When the message is received at the downstream node, it is converted from an optical signal to an electrical transmission by a converter means 120 and loaded into an elasticity buffer means 122. The elasticity buffer is clocked by timing signals interspersed among the message to load information into the elasticity buffer. The elasticity buffer is also clocked by an internal clock 124 into a protocol defined communications layer 126. If the communications layer 126 recognizes its address in the message, it channels the information to a receive FIFO memory 128, through the packing means 102 and to the receive data management means 56 and the decoding means 58. Also, it clocks the message back to a transmitting means 130 which places the same message back on the network media 10.
It is to be appreciated that the clocks of the transmit and receive buffers transmit at the same frequency with an accuracy of four or five decimal places. However, clocks at the extremes of the tolerance range can build up a surplus or shortfall of several bytes in a 4 kilobyte transmission. Because the size of the packet is only limited by the size of the receive and transmit FIFO memories, larger packets may be transferred as larger FIFO memories become available. Accordingly, it is advantageous to size the elasticity buffer with sufficient capacity to assure that even with larger FIFO buffers and even when plural messages follow back to back or other extreme conditions occur, the elasticity buffer can accommodate a sufficient number of bytes to handle the full deviation in clock speed tolerances, for example, about 5 bytes. It is to be appreciated that the elasticity buffer has no address ports, data is just strobed in as it is received at the transmitting node clock rate and strobed out as it is ready for retransfer or copying at the receive node clock rate.
When the node seizes a token, it can generate packets on the ring. If the node needs to utilize the network for an extended duration, it issues a restricted token. Other nodes having high priority small packets of data to transmit put out a priority flag. When a restricted token is passed around, the node with the priority flag can capture the restricted token and transmit a small packet of priority data. In this manner, associated equipment such as a laser imager which has a very small buffer, e.g. two lines, and must move its data around the network almost immediately to make room for the next lines, can keep control of the network while still allowing small data packets to be transferred in the time between lines.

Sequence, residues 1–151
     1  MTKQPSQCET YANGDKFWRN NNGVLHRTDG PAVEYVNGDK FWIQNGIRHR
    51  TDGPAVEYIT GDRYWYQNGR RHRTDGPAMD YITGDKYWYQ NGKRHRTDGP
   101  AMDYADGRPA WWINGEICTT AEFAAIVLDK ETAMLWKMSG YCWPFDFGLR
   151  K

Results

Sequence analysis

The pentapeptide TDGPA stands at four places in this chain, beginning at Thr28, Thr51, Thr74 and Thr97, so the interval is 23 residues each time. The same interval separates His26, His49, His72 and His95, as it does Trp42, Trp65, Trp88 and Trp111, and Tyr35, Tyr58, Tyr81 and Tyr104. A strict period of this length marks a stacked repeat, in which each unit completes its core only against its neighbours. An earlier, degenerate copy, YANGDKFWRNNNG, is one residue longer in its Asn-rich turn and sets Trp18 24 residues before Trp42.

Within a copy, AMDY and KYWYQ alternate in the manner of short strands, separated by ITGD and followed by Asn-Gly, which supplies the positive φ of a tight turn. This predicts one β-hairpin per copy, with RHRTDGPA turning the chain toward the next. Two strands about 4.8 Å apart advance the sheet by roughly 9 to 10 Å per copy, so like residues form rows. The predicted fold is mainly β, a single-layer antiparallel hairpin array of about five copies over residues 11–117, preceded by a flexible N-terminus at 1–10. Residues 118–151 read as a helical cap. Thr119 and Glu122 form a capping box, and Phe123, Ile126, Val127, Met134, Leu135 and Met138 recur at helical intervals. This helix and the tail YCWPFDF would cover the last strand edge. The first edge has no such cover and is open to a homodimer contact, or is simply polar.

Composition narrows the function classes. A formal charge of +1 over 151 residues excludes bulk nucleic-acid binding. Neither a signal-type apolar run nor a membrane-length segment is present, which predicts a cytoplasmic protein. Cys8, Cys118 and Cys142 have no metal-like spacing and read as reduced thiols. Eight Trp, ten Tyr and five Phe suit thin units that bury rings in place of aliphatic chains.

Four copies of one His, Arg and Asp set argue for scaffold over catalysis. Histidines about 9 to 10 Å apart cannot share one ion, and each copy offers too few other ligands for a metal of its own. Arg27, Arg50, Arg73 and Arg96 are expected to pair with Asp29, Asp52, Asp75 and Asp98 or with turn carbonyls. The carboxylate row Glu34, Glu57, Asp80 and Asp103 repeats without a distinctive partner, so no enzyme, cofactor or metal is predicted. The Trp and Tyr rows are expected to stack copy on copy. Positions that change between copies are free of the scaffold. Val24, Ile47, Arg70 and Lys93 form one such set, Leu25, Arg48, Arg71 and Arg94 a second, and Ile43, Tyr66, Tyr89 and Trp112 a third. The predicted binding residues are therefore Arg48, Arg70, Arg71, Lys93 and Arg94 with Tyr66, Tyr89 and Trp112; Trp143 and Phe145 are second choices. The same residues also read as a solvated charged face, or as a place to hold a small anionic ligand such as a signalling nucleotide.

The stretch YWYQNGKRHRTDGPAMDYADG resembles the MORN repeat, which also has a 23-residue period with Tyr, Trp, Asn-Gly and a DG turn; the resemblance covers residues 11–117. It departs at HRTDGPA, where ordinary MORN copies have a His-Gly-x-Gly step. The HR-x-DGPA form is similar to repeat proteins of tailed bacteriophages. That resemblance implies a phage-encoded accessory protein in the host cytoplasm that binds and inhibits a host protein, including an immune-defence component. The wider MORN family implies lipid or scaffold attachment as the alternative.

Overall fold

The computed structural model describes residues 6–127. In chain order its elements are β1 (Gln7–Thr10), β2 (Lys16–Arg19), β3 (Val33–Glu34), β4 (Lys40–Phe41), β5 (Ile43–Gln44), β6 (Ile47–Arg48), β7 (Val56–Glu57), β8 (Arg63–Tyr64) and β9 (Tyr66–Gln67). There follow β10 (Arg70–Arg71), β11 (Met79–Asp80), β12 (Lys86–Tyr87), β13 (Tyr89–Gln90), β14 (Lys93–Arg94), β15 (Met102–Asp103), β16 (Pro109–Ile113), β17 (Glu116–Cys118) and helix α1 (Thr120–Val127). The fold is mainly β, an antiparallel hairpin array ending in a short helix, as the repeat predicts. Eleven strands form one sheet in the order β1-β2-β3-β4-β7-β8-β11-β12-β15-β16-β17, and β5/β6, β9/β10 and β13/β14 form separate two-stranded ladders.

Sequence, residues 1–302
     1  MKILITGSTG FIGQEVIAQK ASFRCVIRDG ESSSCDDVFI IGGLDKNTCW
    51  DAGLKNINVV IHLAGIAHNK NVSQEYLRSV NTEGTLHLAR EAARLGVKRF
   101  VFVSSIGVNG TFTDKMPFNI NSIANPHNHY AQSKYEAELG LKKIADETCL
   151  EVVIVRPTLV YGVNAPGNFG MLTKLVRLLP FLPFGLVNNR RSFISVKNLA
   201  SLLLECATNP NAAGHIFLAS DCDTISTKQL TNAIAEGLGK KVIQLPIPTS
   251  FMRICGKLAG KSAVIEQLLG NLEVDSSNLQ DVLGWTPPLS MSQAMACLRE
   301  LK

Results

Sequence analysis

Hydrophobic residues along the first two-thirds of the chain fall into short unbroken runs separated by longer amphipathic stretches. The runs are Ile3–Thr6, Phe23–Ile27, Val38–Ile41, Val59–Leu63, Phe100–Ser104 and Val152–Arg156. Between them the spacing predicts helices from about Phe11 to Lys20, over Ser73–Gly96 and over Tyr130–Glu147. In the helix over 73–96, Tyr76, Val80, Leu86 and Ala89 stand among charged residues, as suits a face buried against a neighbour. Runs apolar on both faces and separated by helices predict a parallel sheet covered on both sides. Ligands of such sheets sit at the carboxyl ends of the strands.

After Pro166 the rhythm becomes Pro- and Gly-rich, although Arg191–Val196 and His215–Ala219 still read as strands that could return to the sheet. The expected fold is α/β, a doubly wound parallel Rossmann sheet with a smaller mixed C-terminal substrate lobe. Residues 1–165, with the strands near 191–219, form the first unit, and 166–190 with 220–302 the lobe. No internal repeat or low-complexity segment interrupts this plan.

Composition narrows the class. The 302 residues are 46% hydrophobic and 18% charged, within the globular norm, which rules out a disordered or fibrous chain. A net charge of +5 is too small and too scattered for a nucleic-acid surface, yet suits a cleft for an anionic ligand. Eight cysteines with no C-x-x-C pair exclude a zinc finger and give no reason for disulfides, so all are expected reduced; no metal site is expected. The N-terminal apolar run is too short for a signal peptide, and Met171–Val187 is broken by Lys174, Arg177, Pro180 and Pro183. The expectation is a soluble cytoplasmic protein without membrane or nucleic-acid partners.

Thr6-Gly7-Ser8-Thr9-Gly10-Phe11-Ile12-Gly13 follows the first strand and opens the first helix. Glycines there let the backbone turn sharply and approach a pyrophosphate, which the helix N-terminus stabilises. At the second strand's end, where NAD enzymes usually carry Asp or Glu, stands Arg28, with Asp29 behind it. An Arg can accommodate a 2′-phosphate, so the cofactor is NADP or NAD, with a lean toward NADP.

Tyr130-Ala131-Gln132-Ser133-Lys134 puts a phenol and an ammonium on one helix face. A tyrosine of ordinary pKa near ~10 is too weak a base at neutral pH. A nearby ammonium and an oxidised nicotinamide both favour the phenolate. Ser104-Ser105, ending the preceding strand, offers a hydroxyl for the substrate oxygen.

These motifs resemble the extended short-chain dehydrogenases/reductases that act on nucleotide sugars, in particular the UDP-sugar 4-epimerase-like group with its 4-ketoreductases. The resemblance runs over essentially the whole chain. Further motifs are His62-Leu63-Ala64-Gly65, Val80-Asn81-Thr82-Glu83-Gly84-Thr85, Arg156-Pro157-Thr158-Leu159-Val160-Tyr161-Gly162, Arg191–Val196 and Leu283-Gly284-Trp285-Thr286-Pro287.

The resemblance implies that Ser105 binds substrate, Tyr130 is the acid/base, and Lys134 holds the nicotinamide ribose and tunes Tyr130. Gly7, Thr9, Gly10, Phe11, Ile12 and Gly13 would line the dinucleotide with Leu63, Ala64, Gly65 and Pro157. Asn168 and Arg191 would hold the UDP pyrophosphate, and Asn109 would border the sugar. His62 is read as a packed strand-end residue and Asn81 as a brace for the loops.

Periodically, one of the nodes functions in a management capacity to verify the nodes in the network. It sends out a message with an address that is recognized by every node and instructions for each node to add its address to the end of the message. When the transmitting node again receives the message, it contains a list of each node on the network in order. The managing node then formulates an ordered node list which is transmitted to all nodes.
Each node continuously monitors the headers and trailing symbols of each message. The reception of frame indicators directs the nodes to monitor the fields which instruct each receiving node how to handle the message. The symbols can be indicative of the setting up of an ordered data node list, that information should be copied by all nodes, that the message may be stripped from the ring, whether the packet is valid, or the like.
A ring error recovery is accomplished with a claim process. When a node detects the absence of packet transmissions, it begins the claim process by generating a claim packet. Nodes receiving the claim packet with a source address less than their own pass on the received packets. A node that receives a claim packet with a source address greater than its own will remain in the claiming token state. A node that receives its own claim packet back will have won the arbitration and can generate a token. The failure of the node to receive a claim packet during the claim process indicates a serious ring fault. The node then enters a beacon process in which it generates a beacon packet that is receivable by all nodes. A node that receives its own beacon packet back having circumnavigated the ring, enters the claim process to begin initialization of the ring.
The invention has been described with reference to the preferred embodiments. Obviously, modifications and alterations will occur to others upon reading and understanding the preceding detailed description. It is intended that the invention be construed as including all such alterations and modifications insofar as they come within the scope of the appended claims or the equivalents thereof.
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|U.S. Classification||370/450, 370/471, 370/455, 370/468|
|International Classification||G06F15/16, H04N1/32, H04N1/00, G06F15/163, H04N1/21|
|Cooperative Classification||H04N1/32379, H04N1/32368, H04N1/001, H04N2201/329, H04N1/2179, H04N1/32363|
|European Classification||H04N1/32F1C, H04N1/32F1B, H04N1/21C3, H04N1/00B3, H04N1/32F1|
|Nov 21, 1989||AS||Assignment|
Owner name: PICKER INTERNATIONAL INC., 595 MINER ROAD, HIGHLAN
Free format text: ASSIGNMENT OF ASSIGNORS INTEREST.;ASSIGNORS:VESEL, JOHN F.;MAILEY, FRED C.;SUBRAMANIAM, PARDIPA;ANDOTHERS;REEL/FRAME:005187/0239;SIGNING DATES FROM 19891121 TO 19891125
|Jun 27, 1994||FPAY||Fee payment|